Clinton says raised well-founded concerns on Russia

BRUSSELS Thu Dec 8, 2011 10:31am EST

Secretary of State Hillary Clinton speaks with reporters during a news conference after a NATO-Russia foreign ministers meeting at the Alliance headquarters in Brussels December 8, 2011. REUTERS/J. Scott Applewhite/Pool

Secretary of State Hillary Clinton speaks with reporters during a news conference after a NATO-Russia foreign ministers meeting at the Alliance headquarters in Brussels December 8, 2011.

Credit: Reuters/J. Scott Applewhite/Pool

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BRUSSELS (Reuters) - Secretary of State Hillary Clinton said on Thursday she had expressed "well-founded" concerns about the conduct of Russia's parliamentary election earlier this week.

Speaking after Russian Minister Vladimir Putin accused the United States of spurring protests over the vote by voicing serious concern about its conduct, Clinton said the United States was not alone in expressing concerns.

"Human rights is part of who we are. And we expressed concerns that we thought were well founded about the conduct of the elections," she said.

"We are supportive of the rights and aspirations of the Russian people to be able to make progress and realize a better future for themselves."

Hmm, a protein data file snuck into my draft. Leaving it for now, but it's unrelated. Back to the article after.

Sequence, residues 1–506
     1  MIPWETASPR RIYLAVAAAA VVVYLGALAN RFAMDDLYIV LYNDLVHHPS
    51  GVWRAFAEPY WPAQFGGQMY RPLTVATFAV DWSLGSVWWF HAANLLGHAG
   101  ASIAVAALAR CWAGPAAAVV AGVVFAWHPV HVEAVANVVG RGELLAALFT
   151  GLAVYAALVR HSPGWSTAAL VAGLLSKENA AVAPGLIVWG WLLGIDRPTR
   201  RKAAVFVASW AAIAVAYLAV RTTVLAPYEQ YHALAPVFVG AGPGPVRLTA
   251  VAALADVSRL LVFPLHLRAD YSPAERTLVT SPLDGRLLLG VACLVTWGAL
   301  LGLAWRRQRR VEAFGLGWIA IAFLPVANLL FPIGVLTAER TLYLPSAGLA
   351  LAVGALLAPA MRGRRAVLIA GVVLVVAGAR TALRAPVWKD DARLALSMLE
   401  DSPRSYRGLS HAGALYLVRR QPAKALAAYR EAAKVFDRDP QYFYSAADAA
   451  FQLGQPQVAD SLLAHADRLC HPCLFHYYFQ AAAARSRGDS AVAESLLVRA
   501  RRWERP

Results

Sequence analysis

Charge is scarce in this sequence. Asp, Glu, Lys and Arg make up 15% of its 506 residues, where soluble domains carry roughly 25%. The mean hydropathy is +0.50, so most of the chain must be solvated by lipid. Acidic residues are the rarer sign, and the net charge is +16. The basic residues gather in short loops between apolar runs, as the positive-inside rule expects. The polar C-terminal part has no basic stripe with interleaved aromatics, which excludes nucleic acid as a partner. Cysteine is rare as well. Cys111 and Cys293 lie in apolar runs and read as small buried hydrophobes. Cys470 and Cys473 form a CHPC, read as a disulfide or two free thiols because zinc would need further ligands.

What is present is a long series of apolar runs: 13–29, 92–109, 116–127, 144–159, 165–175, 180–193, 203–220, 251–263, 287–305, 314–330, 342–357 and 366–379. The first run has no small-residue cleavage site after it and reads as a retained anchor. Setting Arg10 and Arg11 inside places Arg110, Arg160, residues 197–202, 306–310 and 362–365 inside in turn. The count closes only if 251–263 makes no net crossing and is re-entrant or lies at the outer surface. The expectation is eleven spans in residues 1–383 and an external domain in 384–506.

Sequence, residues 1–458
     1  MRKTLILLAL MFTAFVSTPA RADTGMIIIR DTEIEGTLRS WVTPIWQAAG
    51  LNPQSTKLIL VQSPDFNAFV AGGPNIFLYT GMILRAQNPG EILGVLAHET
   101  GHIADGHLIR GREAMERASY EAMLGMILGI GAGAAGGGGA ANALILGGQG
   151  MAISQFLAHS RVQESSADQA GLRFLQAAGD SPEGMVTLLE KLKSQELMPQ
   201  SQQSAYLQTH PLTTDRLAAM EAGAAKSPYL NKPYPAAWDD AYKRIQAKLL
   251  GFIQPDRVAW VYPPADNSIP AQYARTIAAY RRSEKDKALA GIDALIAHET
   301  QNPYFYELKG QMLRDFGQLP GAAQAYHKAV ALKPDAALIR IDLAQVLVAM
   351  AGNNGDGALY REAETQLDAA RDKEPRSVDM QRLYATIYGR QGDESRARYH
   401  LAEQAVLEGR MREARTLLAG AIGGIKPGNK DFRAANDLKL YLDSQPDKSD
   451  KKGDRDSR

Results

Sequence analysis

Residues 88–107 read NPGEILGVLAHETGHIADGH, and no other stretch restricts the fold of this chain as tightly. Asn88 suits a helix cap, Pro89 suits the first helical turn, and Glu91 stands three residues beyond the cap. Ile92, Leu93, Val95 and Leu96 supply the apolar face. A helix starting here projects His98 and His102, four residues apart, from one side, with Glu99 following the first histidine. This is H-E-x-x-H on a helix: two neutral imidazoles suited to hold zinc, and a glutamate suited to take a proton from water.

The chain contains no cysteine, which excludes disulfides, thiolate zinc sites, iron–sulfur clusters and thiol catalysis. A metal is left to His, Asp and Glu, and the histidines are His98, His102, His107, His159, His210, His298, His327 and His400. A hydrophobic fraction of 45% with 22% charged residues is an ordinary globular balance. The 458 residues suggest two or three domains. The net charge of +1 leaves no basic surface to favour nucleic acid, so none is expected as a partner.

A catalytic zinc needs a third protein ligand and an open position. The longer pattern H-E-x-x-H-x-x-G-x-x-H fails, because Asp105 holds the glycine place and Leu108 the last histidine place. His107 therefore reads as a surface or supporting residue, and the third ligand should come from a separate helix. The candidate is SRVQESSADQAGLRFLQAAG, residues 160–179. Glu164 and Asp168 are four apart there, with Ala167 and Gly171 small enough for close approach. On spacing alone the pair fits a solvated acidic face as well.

Clinton also said that U.S.-Russian disagreement over the Western alliance's plans for a missile defense system in Europe did not justify Russia taking military counter-measures.

While repeating NATO's desire to cooperate with Russian on the project, she said she had made clear at a meeting of NATO foreign ministers with their Russian counterpart Sergei Lavrov that the United States would go ahead with deploying missile defenses to defend NATO territory.

She said the system "will not and cannot affect Russia's strategic balance."

"It does not affect our strategic balance with Russia and certainly is not a cause for military countermeasures," she said, referring to Russian threats to deploy missiles near NATO territory.

Last month Russian President Dmitry Medvedev said he would arm Russia with missiles capable of countering the U.S. shield and set up an early-warning radar system in its Baltic enclave of Kaliningrad, which borders Lithuania and Poland.

(Reporting by Arshad Mohammed, David Brunnstrom and Sebastian Moffett)

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